Avernum: Escape from the Pit was released for the iPad last week, coinciding with my vacation, the same as when Avadon: The Black Fortress was released last year. Both are isometric, turn based RPGs from Spiderweb Software. They both share a lot of similarities in terms of battle mechanics and inventory management and such. At ten bucks, both are incredible values with tons of replayability.
For all they share though, in my mind, Avernum is the better game and here’s why.
Reason 1: Pick Your Party
If Avadon was Baldur’s Gate, then Avernum is Icewind Dale. BioWare and Black Isle fans from back in the day should know what I’m talking about, but for those that didn’t rock the Infinity Engine games, what I mean is that where Avadon gave you the option of picking a character and then surrounding that character with a team of pre-made characters, all with their own back stories, Avernum allows you to create your whole party from scratch. There’s no back story other than what you put into it. You can go with the generic group, like I did, or make your own band of merry adventurers. Don’t get me wrong, I think there are probably more narrative opportunities when you can use the party members and their interactions to drive the story, but at the same time, I love rolling an entire party and coming up with their group dynamics in my head. Is this a group of all ex-soldiers who spoke out and were banished, or maybe it’s a tribe of hill people, barbarians, shamans and sorcerers that were sent to Avernum for not hewing to the Empire’s wishes. One of my favorite moments of my PC gaming days was creating an Icewind Dale party to mirror the characters in Buffy the Vampire Slayer and then bringing them through IWD and IWD2. Averum lets me relive that, albeit in a smaller form as you only have four party members.
Reason 2: Traits
Avernum uses the same attribute and skill progression system as Avadon but they added traits into the mix. In some cases, skills from Avadon have been renamed as traits in Avernum, but in other cases, these are totally new character modifiers that open up new ways of tweaking your build as you increase skills. For example, placing multiple points in Mage Spells or Priest Spells opens up the Increased Intelligence trait or the Swordmage trait. Putting points in missile weapons or thrown weapons allows you to buff your dexterity. You get the idea. As character tweaking goes, it’s nothing revolutionary, but it allows for a little more character customization than the last game did, which goes nicely with the ability to create a team of whatever character classes you choose.
Reason 3: The Difficulty
I may be remembering things incorrectly, but I feel like Avernum is harder than Avadon. Or, more specifically, Avernum requires you to think about things like attack order, character placement and how your party’s traits work together more than Avadon did. Very early on in Avernum I ran up against a band of beasties that I thought would be cake. Five minutes and one dead party later, I realized the error of my ways. As you progress deeper into the game, you run into difficult encounters nestled deep within manageable encounters, something that I find refreshing. When you open that door, you’re not sure if you’re going to face more cannon fodder goblins or an extremely pissed off ogre. Knowing the range of your abilities and how best to use them together is the key to surviving.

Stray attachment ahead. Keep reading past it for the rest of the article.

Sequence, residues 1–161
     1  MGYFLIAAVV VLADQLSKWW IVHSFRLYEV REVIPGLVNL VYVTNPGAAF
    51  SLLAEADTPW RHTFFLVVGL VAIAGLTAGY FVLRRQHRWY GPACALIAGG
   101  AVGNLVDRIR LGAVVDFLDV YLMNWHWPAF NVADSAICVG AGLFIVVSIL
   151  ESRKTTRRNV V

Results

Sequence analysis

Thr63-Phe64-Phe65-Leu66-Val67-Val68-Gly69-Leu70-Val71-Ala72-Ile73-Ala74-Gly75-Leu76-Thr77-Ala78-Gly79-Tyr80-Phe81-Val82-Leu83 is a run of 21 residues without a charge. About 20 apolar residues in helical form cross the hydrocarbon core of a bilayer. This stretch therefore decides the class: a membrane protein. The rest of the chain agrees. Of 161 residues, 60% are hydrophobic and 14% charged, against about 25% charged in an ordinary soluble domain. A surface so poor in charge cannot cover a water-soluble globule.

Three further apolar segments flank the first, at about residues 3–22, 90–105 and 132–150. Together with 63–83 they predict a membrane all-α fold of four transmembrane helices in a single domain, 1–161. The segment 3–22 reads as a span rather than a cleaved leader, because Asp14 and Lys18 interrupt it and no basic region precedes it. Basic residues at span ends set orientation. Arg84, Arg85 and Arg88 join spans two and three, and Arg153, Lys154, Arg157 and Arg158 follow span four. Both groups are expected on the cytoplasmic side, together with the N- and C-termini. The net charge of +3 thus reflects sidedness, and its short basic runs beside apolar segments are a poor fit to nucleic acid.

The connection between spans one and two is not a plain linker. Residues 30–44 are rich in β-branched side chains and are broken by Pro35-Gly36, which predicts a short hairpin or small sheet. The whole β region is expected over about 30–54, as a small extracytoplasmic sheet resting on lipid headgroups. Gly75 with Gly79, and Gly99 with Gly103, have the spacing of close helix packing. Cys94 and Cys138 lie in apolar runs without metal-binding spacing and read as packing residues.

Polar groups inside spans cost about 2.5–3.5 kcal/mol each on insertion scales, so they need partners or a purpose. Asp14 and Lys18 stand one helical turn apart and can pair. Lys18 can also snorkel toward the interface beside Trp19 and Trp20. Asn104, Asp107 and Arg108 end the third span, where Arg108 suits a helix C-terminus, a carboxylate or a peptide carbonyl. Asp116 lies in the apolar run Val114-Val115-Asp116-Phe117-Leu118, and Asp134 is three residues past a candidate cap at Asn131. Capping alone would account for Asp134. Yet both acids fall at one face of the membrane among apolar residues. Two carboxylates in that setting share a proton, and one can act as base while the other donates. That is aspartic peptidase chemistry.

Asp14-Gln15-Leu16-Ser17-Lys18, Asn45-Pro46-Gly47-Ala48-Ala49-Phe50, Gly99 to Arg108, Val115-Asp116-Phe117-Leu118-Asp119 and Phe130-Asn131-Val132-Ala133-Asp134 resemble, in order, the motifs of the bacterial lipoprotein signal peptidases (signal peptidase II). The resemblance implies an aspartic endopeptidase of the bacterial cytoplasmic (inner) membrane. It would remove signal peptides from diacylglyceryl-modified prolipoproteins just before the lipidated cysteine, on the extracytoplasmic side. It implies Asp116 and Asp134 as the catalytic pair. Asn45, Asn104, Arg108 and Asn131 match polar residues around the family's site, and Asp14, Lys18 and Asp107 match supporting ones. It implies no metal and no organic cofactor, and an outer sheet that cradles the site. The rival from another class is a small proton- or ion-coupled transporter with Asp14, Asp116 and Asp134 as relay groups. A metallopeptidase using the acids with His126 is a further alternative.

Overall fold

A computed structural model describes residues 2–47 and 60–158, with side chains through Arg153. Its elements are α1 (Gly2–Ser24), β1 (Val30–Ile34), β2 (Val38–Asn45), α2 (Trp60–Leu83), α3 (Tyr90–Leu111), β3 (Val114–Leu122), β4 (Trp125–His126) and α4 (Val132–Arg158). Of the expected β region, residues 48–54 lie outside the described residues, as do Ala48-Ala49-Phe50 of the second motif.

Reason 4: The Character Editor
Sure, if things get tough, you can drop the difficulty level down, something I had to do a couple of times with Avadon, but if things get really, really tough, or you just want to dick around with your party, you can edit your characters in the included character editor. Holding true to its name, the character editor allows you to assign skill points, attribute points and traits to characters outside of the normal leveling up process. Sure, it can make you incredibly powerful, but that’s why you have to specifically unlock it and why the game warns you several times about how it can be very tempting to use and how it can unbalance your game. When I played Avadon, I tried to bring my character’s story to the logical conclusion by challenging Redbeard but my screwing up some loyalty quests earlier meant that I didn’t have the necessary number of allies. Had I been able to tweak my character, I could have knocked the ginger haired bastard on his ass just to see how it played out. Sure, I wouldn’t have truly “earned” it, but if it’s just to see how the story went down, who cares?
Reason 5: Maps and Markers
Avadon did not make turning in quests easy. Between the limited selection of character models which made it hard to tell this quest giving guy in a gray tunic from that anonymous worker bee in a gray tunic, and the lack of quest markers, turning in quests often turned into a chore as you scoured the map for Tom the butcher or whoever needed something done. Avernum fixes this, sort of, by adding markers for areas of interest in all of the cities and quest markers on the world map. Oh, it also gives you a world map. I won’t call the markers in the cities quest markers, as they don’t function as just quest markers. It may designate a shop or someone you can talk to, not just someone who gives you something to do. Also, if it is someone who is in need of help, the marker doesn’t disappear once the deed is done. The markers on the world map, however, are quest markers and make planning your perilous Avernum journeys all the easier.
Having played Avernum for a week, I’m enjoying it as much as I enjoyed Avadon, more so due to the reasons listed here. Don’t worry though, I’m not entirely pleased, because where would the fun in that be? Check back on Friday to read about how all is not well in the pits of Avernum. Well, beyond the suffering and torment that exists as a function of Avernum being a realm of eternal banishment for all crimes, great and small.